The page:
7 Personal Finance Books You Need to Read This Summer

It’s summertime, and that means relaxing by the pool or on the beach. But before you pick up the latest paperback thriller to read by the water, consider giving your brain a little bit more of a workout. These 7 personal finance and self-improvement titles are not only entertaining and informative, but they can also help you end your summer with a better handle on your finances, career, and life:

End Financial Stress Now: Immediate Steps You Can Take to Improve Your Financial Outlook by Emily Guy Birken

This book starts with the radical idea that making a few changes to your current money mindset can help you end your financial stress for good—no matter your income. Guy Birken asks you to delve into your assumptions about money, backing her advice with academic research into the psychology of money. The book also offers actionable suggestions to immediately relieve acute financial stress while you’re doing the longer-term work of changing your money mindset. This book is an entertaining and nonjudgmental read that will help you better understand how you relate to money and how to improve that relationship.

Smart Couples Finish Rich, Revised and Updated: 9 Steps to Creating a Rich Future for You and Your Partner by David Bach

Bach has just recently revised and updated this classic book to make sure it has all the best information for modern couples. The book breaks down every facet of financial planning for couples, from determining your shared values and goals to the nitty-gritty details of how to get started in investing. Bach peppers the book throughout with engaging stories about his clients that any couple can relate to. This is definitely a book to read together with your sweetheart over the summer.

Don’t Bullsh*t Yourself: Crush the Excuses That Are Holding You Back by John Taffer

While not specifically a financial book, Taffer’s playfully crude book will help you make better decisions everywhere in your life, including in your financial choices. The book breaks down six different categories of excuses we make: Fear, Lack of Knowledge, Lack of Time, Circumstance, Ego, and Scarcity of Time or Resources. With each of these excuse categories, Taffer goes into detail about how we might “BS ourselves” into holding ourselves back from the things we really want to do. But Taffer doesn’t just point out the problem—each chapter ends with a to-do list of actionable goals and objectives to help you overcome the excuses.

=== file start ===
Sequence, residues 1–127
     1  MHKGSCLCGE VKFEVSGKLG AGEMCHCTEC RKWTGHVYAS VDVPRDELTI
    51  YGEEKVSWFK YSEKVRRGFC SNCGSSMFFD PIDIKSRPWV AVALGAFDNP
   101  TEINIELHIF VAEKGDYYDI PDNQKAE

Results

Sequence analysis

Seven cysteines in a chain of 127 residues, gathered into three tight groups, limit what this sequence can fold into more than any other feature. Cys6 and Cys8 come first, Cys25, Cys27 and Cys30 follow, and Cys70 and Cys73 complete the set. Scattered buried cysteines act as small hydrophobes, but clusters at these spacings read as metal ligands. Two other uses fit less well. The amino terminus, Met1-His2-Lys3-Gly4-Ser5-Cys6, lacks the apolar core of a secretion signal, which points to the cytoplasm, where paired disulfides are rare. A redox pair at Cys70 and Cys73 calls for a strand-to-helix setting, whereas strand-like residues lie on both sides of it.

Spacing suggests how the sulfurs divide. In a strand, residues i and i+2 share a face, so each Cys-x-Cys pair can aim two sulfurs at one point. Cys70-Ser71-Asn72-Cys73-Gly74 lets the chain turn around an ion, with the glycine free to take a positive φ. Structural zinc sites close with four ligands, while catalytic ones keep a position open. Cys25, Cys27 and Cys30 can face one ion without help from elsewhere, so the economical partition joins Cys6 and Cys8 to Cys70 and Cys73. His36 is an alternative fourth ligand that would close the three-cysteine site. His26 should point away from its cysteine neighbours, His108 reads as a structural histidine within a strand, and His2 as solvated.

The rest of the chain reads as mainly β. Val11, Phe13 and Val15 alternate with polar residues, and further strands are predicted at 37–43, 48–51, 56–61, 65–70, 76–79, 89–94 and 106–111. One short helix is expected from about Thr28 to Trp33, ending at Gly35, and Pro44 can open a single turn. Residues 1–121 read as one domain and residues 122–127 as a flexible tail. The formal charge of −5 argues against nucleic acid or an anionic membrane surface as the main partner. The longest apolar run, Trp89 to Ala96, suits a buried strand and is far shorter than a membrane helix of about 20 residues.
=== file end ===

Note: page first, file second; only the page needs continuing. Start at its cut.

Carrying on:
Get Money: Live the Life You Want, Not Just the Life You Can Afford by Kristin Wong

Wong is a New York Times contributor and personal finance expert who has done the impossible: she has made learning about money fun! The book offers a series of challenges designed to boost your personal finance I.Q. and help to gamify money management. When you approach your finances as a game, it becomes easier and more enjoyable. With a wry, humorous tone, and plenty of personal anecdotes that reveal the author’s own financial struggles, reading Get Money feels like chatting with a good friend.

Broke Millennial: Stop Scraping By and Get Your Financial Life Together by Erin Lowry

Millennials have a particularly tough financial row to hoe. But this guide written by a millennial for millennials offers great (and often funny) advice in a relatable, conversational tone. Lowry covers much of the basic financial information that any young adult might need, including ideal benchmarks to hit to be “on track” financially, breakdowns of various financial products, and how to overcome mental blocks about money. As Lowry promises, the book will help anyone new to “adulting” go from flat-broke to financial badass.

You Can Retire Early! Everything You Need to Achieve Financial Independence When You Want It by Deacon Hayes

This book offers a step-by-step primer on how to achieve FIRE (financial independence/retire early). The idea of becoming financially independent may sound like a pipe dream, but Hayes does an excellent job of outlining the specific skills and strategies you can use to retire when you want to. Not only does this book help readers to develop a personalized retirement plan (which is a must for anyone, not just early retirees), but it also gives good advice on selecting the right investment vehicles, maximizing income, and reducing debt, as well as strategies for how to stick to the plan—which is often the toughest part of any financial plan.

Invested: How Warren Buffett and Charlie Munger Taught Me To Master My Mind, My Emotions, and My Money (with a Little Help From My Dad) by Danielle Town

Town is the daughter of bestselling financial author and successful investor Phil Town, and she spent much of her life ignoring anything related to investing. But she realized that learning the ins-and-outs of investing would offer her a kind of financial freedom that no other skill could give her. She spent a year learning Warren Buffett-style value investing, and she teaches her readers how to do the same thing. This book will help you to invest your finances in companies with missions that match your values. Town avoids complex math and obsolete financial models, so that anyone can understand exactly how to master investment strategies without getting an MBA.

Leave a Reply

Your email address will not be published. Required fields are marked *